When I think of blue, I think of Yves Klein, and a poem I wrote about his monochromes. That might be arrogant, self-involved, narcissistic (there’s that evocation of blues and water again), but so it goes. Monochromes are easy to get lost in; it’s what links Klein’s colours and Rothko’s abstraction, and the dim lighting of the Rothko Room at the Tate Modern; the potential for loss.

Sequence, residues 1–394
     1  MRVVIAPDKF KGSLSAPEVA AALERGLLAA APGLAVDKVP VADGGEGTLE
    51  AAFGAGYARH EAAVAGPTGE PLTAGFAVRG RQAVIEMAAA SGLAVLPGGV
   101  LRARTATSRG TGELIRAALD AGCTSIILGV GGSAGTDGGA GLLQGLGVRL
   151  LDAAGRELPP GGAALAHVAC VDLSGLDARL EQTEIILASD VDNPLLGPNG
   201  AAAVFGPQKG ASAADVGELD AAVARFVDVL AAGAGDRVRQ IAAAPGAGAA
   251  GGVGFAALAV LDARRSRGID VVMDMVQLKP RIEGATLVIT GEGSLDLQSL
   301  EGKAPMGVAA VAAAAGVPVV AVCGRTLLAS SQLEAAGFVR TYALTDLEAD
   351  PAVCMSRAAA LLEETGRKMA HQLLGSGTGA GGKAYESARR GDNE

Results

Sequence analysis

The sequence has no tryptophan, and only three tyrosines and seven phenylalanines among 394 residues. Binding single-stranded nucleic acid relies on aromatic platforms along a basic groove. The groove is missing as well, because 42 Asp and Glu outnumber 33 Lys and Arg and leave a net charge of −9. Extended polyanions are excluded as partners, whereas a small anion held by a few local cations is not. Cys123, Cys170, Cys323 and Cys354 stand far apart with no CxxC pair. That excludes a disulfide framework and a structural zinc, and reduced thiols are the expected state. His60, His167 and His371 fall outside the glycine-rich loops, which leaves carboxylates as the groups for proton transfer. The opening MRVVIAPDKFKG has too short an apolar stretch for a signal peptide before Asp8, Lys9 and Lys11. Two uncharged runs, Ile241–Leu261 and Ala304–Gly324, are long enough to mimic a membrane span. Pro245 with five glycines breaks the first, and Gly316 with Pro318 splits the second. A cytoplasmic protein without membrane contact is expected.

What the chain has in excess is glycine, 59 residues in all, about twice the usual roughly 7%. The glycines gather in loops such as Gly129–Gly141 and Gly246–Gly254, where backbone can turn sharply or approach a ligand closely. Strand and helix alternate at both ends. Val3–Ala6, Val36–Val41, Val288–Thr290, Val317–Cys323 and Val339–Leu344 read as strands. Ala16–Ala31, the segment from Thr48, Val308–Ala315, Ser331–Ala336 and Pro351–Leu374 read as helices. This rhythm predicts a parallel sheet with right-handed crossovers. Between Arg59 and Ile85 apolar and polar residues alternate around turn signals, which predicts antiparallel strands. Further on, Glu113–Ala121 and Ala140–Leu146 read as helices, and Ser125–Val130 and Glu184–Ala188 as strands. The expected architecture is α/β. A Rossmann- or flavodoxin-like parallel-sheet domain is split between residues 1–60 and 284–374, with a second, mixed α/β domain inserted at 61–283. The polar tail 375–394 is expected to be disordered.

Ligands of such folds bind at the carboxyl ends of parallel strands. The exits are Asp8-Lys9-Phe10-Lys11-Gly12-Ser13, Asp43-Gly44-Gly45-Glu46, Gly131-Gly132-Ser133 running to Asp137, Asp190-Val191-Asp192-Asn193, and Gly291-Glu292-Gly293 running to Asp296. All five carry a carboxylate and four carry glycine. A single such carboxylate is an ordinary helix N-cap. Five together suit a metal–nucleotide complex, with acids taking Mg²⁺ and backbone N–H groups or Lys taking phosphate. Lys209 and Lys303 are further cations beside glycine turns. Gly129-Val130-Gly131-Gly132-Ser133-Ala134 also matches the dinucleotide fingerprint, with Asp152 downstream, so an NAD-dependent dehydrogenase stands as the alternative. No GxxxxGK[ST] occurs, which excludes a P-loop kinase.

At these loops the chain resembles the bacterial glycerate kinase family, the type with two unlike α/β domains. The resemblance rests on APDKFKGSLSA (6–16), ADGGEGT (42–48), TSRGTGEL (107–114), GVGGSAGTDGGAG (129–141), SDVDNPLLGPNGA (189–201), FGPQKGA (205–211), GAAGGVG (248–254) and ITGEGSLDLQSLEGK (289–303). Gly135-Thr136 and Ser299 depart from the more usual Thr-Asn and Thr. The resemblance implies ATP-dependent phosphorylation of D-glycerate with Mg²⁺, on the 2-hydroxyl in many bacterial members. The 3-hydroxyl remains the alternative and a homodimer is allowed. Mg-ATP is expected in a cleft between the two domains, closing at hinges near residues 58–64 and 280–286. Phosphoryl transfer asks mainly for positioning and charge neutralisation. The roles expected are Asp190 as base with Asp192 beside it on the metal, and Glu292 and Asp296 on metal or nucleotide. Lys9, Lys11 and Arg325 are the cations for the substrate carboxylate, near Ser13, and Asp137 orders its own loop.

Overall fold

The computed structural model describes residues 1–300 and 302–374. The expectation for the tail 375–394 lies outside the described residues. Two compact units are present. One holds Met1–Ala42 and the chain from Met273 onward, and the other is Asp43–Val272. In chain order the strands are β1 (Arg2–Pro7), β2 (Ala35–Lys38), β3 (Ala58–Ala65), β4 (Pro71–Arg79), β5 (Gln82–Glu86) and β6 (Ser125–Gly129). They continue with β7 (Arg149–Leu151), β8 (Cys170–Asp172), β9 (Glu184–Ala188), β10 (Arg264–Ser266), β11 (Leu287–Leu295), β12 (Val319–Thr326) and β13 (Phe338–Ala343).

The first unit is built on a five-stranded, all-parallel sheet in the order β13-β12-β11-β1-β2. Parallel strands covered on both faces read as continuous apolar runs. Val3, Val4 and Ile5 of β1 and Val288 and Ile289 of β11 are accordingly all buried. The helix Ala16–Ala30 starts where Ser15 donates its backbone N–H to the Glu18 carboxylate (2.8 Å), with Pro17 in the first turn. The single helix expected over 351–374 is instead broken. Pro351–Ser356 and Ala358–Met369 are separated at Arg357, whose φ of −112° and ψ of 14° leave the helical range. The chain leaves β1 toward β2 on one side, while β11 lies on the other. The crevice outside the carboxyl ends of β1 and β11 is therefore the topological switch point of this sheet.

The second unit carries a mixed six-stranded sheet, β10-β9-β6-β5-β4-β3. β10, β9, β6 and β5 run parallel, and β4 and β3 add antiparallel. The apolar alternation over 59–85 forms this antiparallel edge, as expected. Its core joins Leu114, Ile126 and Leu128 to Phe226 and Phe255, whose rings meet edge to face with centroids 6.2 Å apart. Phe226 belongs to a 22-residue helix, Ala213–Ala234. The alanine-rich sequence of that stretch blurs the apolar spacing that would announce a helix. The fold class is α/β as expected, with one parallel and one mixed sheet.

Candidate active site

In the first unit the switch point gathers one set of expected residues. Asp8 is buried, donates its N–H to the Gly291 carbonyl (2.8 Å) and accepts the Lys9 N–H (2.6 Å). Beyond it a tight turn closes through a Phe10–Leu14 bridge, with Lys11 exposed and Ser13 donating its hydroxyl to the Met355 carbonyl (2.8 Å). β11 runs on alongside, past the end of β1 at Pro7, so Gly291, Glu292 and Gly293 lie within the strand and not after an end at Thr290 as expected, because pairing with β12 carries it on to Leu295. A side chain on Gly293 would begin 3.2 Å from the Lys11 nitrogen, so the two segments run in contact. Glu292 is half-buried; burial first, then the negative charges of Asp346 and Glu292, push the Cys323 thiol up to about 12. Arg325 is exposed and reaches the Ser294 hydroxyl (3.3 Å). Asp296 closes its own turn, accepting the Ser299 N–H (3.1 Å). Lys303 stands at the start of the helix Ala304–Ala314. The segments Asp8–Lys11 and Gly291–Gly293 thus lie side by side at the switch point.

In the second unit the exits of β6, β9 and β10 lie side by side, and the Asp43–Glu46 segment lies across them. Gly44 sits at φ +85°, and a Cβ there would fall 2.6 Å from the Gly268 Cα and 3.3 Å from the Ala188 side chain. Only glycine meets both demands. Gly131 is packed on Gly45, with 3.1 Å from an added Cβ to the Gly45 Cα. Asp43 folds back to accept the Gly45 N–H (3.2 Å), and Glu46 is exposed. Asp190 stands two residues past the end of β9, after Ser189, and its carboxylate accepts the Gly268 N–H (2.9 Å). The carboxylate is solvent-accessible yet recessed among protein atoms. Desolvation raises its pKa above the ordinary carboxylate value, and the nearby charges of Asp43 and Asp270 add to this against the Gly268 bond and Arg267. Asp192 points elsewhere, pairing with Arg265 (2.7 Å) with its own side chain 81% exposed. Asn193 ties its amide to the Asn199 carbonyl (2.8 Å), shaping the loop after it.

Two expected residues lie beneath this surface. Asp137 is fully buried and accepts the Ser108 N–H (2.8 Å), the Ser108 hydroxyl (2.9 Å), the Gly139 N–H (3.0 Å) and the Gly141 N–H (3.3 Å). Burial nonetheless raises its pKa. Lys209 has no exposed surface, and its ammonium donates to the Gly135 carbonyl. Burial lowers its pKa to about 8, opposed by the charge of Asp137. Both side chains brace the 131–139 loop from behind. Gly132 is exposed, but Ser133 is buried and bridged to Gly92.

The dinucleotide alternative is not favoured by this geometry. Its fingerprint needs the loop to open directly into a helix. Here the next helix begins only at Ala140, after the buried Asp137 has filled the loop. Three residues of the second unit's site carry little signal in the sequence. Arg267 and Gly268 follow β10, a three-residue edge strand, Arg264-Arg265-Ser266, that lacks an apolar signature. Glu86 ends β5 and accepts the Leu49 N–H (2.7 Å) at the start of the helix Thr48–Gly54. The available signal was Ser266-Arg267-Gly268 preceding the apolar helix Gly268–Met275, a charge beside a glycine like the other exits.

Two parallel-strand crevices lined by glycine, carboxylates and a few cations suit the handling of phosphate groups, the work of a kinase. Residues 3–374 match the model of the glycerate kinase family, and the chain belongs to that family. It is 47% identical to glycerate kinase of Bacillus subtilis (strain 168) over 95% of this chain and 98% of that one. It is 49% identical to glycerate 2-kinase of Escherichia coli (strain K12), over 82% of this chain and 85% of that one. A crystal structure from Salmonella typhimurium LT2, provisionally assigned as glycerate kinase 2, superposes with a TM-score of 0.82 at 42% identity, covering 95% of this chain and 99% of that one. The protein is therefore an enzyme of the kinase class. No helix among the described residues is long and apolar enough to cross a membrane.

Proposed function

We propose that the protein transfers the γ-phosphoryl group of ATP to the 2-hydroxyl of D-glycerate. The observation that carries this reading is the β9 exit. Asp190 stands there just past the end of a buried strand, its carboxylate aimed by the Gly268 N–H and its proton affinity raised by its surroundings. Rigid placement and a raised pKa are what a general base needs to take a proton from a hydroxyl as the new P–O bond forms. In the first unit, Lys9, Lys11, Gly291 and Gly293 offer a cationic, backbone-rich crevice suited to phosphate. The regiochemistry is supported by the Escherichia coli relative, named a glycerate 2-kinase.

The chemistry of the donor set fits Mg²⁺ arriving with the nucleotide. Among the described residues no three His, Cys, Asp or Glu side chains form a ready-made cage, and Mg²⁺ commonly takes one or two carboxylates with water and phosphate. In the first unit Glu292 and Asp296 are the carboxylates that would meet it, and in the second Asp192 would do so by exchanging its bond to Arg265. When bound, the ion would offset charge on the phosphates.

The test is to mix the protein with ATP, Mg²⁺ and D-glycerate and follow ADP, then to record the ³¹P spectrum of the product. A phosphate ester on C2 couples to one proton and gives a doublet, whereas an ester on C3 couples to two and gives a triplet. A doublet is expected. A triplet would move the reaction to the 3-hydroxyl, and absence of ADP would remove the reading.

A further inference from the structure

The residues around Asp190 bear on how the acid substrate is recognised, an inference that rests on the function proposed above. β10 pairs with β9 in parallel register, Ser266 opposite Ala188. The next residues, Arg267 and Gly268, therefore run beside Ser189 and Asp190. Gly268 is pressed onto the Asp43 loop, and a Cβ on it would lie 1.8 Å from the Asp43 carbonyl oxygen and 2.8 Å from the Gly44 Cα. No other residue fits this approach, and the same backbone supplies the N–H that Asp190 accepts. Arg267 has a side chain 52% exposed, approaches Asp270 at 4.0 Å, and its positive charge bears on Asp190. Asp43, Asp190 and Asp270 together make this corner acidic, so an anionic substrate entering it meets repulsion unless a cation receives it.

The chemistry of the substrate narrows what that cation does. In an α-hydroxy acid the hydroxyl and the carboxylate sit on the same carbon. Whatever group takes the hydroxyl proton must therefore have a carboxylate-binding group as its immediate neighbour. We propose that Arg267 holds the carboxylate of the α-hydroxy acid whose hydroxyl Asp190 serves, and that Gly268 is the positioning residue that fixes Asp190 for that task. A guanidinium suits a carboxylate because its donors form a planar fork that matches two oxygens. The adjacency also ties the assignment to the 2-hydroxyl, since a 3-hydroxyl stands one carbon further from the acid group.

So often, sadness gets talked about as a kind of loss; especially long-term sadness, the kind that would have been called a sickness of the soul in the past, but now has the clinical, manageable name of depression. Now it doesn’t come from the soul so much as it comes from chemical imbalances, things that can be levelled out with medication, anxieties that can be talked through on a couch. But still, there’s that sense of loss, the idea that depression is what a person becomes, that it’s easy to forget who you might be without it. One of the most tried and true – but tired – tropes when it comes to mental illness in pop culture is the dramatic flushing of medication, so often seen as a fight against losing a sense of self, being replaced by a kind of clinical copy, a medicated doppelganger, the same but somehow different. In Next to Normal, this happens to the bipolar Diana Goodman after a ballad about missing the pain and joy that got lost amidst medication, although the act of flushing the meds is brought on by a delusion. It seems that with or without medication, Diana struggles with her sense of self, that she’s caught between the devil and the deep blue sea.